Machines for Building Machines

If you’re unfamiliar with Framer X then at first glance it might look like a design tool you’ve already seen before; there’s a side bar and a space for drawing rectangles, there’s a pen for drawing shapes and, besides it looking a little more futuristic than Sketch or Figma, there’s nothing immediately life changing about it.

The difference between those apps and Framer is that you can write real-life, honest-to-goodness React components in the latter. And at first I thought “well, okay this is technically neat but it’s also basically Dreamweaver all over again and I don’t want an app to generate code because it’ll always be bad.”

But oh boy was I wrong.

Framer X isn’t supposed to generate markup for you based on a bunch of drawings you make. And that’s because you’re not drawing pictures like in other design tools where you’re merely generating PNGs, JPGs, or SVGs. For example when you make an iOS app in Figma or Sketch it’s really just a painting of an app. You can’t interact with it, you can’t type into a text field, or really see how things might animate or move easily in the final thing that gets built.

In Framer X though, because you can write React components in your designs, the tool becomes something else far beyond drawing pretty pictures. At any moment you can pop open the code of a component in a text editor, change something in a JavaScript file and immediately see your prototype update in real time.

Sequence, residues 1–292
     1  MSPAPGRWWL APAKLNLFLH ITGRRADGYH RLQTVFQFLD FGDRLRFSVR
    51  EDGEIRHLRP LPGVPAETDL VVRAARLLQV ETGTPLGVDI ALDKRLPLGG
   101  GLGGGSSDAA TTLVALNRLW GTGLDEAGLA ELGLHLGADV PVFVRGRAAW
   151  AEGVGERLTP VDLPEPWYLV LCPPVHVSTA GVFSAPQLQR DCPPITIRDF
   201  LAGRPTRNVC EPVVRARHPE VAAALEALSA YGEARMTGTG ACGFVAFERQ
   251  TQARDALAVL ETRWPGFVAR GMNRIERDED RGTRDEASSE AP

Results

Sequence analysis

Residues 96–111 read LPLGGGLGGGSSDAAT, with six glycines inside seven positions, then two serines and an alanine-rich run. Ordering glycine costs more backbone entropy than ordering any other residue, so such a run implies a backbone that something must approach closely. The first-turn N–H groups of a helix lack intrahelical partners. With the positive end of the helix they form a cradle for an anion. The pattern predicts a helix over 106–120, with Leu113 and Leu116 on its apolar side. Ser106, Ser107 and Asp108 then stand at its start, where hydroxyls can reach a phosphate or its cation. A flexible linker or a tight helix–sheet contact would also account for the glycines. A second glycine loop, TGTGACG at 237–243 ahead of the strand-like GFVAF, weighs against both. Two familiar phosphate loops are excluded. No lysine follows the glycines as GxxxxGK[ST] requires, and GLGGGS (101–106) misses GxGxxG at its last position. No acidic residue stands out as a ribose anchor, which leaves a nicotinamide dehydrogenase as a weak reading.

This wasn’t obvious to me immediately though, even as I’d heard excellent things about Framer I ignored it because in the design community it’s often hard to see what warrants genuine enthusiasm. But then I saw the tweets, and they were, well, beautiful. Folks began making applications with state and interactive keyboards and then suddenly the community started making translation tools, a package to redesign the Framer X interface itself and yikes even packages to make synthesizers (!!!) .

I think it’s important to see Framer as less like Sketch or Figma then and something more akin to Lobe or If This Then That. And so I can imagine this tool expanding beyond the confines of the design community and spreading out into other disciplines and fields completely unrelated to mine. It’s great for product designers or engineers for now, sure, but I can see musicians using it to record albums or novelists using Framer to make the perfect writing app. I can see type designers using it to prototype their specimen websites or help typographers build new and crazy interfaces.

That’s because Framer X doesn’t leave you stranded and limited to a static representation of your idea. Instead, you’ll find yourself sitting in front of a rogue-like videogame where you can connect all these simple parts together and make something much more complex.

Framer X is not a design tool then. It’s a machine for building machines. And so of course I’m horribly excited to experiment with the beta for now and can’t wait for the general release soon.